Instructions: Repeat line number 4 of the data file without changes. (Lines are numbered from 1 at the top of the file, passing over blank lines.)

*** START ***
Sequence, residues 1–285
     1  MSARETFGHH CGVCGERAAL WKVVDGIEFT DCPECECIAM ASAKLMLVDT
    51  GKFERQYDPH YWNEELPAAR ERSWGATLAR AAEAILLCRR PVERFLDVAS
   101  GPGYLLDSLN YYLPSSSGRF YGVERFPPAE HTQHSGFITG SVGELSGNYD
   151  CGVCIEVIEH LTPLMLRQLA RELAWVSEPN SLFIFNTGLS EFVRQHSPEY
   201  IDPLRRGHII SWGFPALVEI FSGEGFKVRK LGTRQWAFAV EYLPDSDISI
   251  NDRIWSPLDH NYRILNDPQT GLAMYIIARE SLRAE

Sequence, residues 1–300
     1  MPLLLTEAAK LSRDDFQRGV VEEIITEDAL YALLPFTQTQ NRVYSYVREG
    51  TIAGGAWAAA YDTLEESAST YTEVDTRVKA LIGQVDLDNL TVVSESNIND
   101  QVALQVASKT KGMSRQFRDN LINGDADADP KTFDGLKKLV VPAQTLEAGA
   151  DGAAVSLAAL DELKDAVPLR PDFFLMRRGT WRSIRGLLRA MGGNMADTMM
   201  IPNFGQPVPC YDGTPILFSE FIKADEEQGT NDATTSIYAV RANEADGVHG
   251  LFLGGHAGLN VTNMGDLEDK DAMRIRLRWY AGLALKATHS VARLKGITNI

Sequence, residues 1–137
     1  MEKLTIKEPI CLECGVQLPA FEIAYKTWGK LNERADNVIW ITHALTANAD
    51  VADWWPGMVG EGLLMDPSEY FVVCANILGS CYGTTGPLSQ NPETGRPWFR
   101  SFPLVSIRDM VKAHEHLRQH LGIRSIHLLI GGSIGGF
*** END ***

   101  GPGYLLDSLN YYLPSSSGRF YGVERFPPAE HTQHSGFITG SVGELSGNYD